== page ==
Darren Bridges sentenced to life in prison for murder of NOPD officer Marcus McNeil
NEW ORLEANS (WVUE) - Darren Bridges, who was found guilty of first-degree murder in the October 2017 fatal shooting of New Orleans police officer Marcus McNeil, was handed down a mandatory life sentence in prison without the possibility of parole by Judge Angel Harris on Wed., Nov. 2.
District Attorney Jason Williams opted not to seek the death penalty in the case.
An Orleans Parish jury returned the guilty verdict on Tues., Sept. 27 after nearly three hours of deliberations. Jurors also found Bridges, 35, guilty of obstruction of justice, aggravated assault on a police officer, possession of a firearm by a felon, and four narcotics charges.
The 29-year-old McNeil, known to fellow officers by his nickname “Milk Dud,” was on patrol in the Seventh District (New Orleans East) shortly after midnight on Oct. 13, 2017, when he answered a call to investigate a suspicious person near Tara Lane and Lake Forest Boulevard.
During a confrontation with Bridges, prosecutors said McNeil was shot multiple times. Williams, who prosecuted the case with assistant district attorney Andre Gaudin, said Bridges stood over McNeil to fire a fatal shot to the back of his head in what the DA described to jurors as “an execution.”
NOPD Superintendent Shaun Ferguson says the life sentence feels like justice served.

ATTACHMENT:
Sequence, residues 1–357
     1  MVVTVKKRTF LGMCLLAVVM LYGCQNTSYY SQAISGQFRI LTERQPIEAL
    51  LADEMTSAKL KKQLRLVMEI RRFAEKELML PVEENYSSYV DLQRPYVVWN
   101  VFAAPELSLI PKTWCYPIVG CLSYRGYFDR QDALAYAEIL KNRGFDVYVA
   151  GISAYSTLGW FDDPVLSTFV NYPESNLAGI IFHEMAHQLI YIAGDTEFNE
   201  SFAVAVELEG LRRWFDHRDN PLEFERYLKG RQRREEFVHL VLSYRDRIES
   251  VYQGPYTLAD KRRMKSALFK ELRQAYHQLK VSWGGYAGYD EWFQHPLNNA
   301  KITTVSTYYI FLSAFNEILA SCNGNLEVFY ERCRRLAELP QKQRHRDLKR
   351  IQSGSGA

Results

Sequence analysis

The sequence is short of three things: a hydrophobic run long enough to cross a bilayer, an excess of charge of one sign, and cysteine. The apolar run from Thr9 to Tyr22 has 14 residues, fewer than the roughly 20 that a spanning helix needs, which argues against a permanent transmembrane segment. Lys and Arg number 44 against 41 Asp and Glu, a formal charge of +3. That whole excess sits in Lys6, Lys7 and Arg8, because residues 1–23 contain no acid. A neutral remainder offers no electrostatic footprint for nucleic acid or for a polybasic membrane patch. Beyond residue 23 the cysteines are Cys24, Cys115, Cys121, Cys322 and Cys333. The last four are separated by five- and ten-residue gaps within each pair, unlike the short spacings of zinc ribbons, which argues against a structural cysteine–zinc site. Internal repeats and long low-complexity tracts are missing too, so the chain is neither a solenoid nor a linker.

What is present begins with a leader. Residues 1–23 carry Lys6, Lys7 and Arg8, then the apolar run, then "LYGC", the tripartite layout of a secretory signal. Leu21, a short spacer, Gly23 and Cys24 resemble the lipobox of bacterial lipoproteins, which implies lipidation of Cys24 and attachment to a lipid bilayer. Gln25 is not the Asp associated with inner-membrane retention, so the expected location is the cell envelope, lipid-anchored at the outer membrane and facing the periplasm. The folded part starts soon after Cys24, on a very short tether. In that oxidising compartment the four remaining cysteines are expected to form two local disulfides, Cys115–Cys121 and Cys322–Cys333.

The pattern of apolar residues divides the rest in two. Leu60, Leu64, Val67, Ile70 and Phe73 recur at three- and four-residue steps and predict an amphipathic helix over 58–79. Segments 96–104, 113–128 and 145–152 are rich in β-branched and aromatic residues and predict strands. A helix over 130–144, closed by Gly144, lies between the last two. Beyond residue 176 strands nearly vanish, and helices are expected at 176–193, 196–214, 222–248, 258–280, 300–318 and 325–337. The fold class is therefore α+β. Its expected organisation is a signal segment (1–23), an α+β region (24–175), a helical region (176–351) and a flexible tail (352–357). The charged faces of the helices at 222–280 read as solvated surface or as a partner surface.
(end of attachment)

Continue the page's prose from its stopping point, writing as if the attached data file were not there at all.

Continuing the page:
Today, a life sentence was handed down in the 2017 murder of NOPD Officer Marcus McNeil. With this decision, we feel that justice has been served and hope that Officer McNeil’s family and loved ones – including his NOPD family – can find a sense of peace in the wake of this tragedy.
We thank Judge Harris for her continued overseeing of the trial process. We thank District Attorney Jason Williams and his staff for their successful handling of this prosecution, and we thank all NOPD staff who put in countless hours of dedicated effort to investigate and provide a strong case and to offer continued services to Officer McNeil’s family.
Though the killing was captured on video surveillance cameras and police body-worn cameras, defense attorneys Kerry Cuccia and Christian Bonin attempted to convince jurors that the images did not tell the whole story of their client’s encounter with police, and argued the homicide could be seen as justifiable.
McNeil had been on the police force only three years when he was murdered, leaving behind a wife and two young children.
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